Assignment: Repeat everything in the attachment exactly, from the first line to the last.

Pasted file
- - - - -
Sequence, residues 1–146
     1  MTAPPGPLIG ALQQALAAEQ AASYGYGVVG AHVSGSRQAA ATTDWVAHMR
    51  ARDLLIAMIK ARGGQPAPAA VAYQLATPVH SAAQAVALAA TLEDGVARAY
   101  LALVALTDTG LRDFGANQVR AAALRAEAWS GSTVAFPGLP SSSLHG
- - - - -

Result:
Sequence, residues 1–146
     1  MTAPPGPLIG ALQQALAAEQ AASYGYGVVG AHVSGSRQAA ATTDWVAHMR
    51  ARDLLIAMIK ARGGQPAPAA VAYQLATPVH SAAQAVALAA TLEDGVARAY
   101  LALVALTDTG LRDFGANQVR AAALRAEAWS GSTVAFPGLP SSSLHG